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Viridor welcomes draft RDF standard

Viridor has welcomed moves to implement a standard definition for refuse-derived fuel (RDF).

Defra has been circulating a proposed definition for RDF in recent weeks to major players in the waste industry after announcing in December that it was to intervene in the market in order to clamp down on crime.

The proposed definition reads: “A fuel produced from residual waste that meets an end user contractual specification for recovery at an energy-from-waste facility.”

This one-line definition is seen as an attempt to ensure that RDF will only be manufactured when a buyer is in place, reducing stockpiling of material which has no market and adding to storage problems, fire risk and the potential for illegal exports.

It could force some operators to drive up the quality of their bales which, until now, have had such standard requirement. However, with the onus on the customer to define the standard they will accept, there is still potential for variable quality between contracts.

Chris Jonas, director of business development at Viridor, said: “We welcome a recognition that precise specifications are the domain of customers and suppliers. 

“That said, it is important to recognise that any definition needs alignment with management and export standards, and a crackdown on waste crime by continuing to address poor practice around Illegal operations which stockpile or export sub-standard, minimally treated and poorly managed waste material.”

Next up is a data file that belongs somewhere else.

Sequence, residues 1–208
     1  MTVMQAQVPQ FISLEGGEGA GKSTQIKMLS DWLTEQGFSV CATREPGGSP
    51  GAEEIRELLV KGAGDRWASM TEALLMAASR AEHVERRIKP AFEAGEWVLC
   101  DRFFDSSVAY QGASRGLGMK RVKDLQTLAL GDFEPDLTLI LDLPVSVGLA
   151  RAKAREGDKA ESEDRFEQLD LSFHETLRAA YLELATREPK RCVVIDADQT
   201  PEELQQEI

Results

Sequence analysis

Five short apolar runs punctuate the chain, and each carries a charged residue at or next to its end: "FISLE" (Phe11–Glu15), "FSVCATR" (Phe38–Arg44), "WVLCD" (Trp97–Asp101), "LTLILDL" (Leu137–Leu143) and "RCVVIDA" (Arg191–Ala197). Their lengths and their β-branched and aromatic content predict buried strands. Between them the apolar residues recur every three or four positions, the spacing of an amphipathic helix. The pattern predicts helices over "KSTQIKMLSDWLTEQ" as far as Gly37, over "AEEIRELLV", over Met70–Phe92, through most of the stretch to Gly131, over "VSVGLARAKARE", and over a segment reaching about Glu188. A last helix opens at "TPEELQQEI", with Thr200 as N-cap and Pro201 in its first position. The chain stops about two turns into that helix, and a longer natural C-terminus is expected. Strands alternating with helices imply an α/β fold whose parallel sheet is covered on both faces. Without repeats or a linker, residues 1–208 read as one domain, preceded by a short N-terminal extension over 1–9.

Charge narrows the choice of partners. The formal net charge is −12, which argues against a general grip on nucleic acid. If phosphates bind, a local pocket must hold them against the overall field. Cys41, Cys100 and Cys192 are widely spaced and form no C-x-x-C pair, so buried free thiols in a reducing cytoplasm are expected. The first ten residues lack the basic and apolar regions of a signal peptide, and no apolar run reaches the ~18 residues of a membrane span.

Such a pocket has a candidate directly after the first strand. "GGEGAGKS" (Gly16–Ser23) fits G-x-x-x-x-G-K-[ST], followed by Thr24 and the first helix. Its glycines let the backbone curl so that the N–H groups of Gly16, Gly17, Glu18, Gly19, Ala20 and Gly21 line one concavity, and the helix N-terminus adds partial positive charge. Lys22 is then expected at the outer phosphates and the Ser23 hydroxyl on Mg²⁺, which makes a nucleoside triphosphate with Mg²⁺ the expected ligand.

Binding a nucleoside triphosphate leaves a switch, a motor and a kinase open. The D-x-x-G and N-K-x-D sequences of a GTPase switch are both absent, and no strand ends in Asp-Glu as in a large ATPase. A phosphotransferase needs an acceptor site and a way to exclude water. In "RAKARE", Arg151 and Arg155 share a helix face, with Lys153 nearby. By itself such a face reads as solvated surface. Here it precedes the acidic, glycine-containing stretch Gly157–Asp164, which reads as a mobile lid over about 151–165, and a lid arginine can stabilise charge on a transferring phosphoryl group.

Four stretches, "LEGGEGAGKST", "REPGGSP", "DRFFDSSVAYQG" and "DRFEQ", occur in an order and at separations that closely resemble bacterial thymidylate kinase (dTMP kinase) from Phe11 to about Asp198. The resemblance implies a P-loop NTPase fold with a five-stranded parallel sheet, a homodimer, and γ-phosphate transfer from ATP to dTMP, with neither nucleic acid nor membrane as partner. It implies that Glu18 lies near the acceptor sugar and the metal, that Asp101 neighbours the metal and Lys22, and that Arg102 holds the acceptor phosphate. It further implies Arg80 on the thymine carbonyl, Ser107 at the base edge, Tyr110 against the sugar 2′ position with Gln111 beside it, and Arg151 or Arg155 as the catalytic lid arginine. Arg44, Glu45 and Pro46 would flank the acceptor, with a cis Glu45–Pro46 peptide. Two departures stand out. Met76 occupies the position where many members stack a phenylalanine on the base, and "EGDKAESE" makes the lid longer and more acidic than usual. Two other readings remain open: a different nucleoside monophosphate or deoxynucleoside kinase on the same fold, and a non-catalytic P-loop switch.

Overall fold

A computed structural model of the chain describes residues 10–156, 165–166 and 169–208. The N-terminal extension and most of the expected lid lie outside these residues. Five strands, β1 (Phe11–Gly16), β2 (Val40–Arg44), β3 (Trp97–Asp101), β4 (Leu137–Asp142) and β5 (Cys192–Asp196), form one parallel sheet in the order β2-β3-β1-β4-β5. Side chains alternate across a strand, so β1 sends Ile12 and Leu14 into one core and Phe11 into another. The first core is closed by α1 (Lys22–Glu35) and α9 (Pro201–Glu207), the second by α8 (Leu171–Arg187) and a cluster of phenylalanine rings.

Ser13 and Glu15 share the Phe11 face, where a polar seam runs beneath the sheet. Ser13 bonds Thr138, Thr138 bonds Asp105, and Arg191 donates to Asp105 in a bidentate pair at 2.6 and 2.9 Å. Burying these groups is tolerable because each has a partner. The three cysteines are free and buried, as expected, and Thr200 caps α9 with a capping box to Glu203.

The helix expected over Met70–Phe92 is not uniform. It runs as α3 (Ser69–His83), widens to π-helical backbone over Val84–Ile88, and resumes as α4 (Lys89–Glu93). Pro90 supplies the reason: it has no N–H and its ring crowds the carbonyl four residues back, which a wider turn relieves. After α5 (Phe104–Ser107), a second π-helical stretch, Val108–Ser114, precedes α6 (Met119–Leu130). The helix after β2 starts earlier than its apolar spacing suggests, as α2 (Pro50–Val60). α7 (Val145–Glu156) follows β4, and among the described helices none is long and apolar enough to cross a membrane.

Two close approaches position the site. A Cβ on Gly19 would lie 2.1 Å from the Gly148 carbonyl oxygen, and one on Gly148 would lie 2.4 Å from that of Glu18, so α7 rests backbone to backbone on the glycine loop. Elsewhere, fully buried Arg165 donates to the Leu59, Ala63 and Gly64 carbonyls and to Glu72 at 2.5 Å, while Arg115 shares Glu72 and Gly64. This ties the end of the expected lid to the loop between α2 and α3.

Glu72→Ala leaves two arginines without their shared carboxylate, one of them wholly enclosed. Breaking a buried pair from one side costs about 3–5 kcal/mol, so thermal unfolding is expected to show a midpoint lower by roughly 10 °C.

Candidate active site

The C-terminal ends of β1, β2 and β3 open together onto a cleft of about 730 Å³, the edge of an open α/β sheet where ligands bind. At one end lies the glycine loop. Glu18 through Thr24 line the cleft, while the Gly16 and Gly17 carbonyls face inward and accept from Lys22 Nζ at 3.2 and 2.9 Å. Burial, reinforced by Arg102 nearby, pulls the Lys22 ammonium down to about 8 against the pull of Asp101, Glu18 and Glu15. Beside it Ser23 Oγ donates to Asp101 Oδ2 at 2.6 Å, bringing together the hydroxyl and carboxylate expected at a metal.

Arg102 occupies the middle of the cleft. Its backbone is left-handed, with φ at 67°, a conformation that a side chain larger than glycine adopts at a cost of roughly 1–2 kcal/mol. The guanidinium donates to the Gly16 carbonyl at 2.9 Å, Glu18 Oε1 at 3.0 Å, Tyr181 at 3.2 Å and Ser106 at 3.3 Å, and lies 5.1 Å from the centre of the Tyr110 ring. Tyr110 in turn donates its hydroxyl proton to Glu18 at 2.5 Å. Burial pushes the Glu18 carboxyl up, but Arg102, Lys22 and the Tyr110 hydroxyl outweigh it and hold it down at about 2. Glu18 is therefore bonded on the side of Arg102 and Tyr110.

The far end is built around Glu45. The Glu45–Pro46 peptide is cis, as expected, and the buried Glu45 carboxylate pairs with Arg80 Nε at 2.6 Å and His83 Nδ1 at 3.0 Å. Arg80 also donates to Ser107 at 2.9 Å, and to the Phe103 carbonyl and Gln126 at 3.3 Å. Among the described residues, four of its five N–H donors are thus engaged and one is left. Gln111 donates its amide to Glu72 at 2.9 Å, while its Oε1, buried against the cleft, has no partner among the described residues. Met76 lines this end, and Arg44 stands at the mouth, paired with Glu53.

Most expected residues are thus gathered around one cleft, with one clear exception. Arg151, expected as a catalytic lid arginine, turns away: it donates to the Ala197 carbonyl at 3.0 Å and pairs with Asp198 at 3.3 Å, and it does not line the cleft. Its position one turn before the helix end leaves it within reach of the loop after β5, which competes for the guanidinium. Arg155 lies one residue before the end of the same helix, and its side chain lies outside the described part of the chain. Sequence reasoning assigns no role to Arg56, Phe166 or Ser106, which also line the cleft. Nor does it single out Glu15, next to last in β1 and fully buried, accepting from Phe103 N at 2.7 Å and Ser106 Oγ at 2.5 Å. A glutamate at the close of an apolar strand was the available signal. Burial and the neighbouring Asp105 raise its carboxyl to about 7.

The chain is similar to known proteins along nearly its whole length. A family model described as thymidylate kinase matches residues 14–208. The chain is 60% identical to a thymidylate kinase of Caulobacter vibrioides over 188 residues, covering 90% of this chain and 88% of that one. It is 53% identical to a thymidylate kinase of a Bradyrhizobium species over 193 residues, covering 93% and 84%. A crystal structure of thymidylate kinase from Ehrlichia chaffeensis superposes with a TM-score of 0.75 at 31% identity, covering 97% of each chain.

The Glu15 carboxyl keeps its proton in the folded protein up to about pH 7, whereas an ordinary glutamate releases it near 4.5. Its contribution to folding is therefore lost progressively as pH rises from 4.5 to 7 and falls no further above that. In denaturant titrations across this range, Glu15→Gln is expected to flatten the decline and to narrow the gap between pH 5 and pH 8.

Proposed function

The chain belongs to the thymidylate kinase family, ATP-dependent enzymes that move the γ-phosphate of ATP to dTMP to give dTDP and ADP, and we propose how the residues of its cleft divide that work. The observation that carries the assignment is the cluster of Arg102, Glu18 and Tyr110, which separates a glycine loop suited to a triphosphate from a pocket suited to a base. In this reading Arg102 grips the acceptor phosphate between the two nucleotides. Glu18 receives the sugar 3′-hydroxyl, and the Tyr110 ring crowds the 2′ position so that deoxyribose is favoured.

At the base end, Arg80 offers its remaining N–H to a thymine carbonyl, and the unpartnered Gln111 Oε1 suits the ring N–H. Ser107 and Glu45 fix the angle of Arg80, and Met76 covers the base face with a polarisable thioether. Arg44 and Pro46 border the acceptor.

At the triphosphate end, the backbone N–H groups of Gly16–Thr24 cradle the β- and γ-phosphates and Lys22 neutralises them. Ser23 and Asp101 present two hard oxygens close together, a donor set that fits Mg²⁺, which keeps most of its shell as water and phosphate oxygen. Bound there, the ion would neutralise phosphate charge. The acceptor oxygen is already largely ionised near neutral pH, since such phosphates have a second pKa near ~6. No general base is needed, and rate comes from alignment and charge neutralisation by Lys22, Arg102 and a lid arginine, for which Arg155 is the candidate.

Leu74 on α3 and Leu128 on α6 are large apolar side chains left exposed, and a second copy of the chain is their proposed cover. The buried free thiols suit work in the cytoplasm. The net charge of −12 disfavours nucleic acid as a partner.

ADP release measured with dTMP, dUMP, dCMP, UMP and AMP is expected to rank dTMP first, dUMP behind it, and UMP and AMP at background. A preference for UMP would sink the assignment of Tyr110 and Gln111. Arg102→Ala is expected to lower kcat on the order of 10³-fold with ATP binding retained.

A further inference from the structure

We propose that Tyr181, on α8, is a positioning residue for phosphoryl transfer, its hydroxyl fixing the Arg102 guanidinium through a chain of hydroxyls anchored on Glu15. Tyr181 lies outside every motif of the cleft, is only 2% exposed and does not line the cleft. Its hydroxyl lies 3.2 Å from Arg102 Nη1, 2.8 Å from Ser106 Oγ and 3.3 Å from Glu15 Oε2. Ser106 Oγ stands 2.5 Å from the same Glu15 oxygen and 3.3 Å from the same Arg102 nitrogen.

A Defra spokesperson said: “We have met a range of stakeholders involved in the RDF market to seek views on a definition and a possible treatment standard for RDF.

“We are currently considering the views expressed and will provide further information on how we intend to take this forward in due course.”

Sarah Gazzola, commercial manager with ESG’s energy and waste division, said: “If RDF is to be seriously considered as a viable alternative source of energy, and not just as a waste, then the introduction of further quality standards is essential.

“The current reality is that specifications for RDF are not comparable with other fuel types such as solid biofuels. As a result, RDF quality is often inconsistent, which reduces its appeal.”

MRW understands that the definition could be formally introduced by the end of September.

Latest figures show that RDF exports from the UK have increased by a third in 2013-14 and the UK is expected to remain a signicant market for RDF exports until at least 2020.

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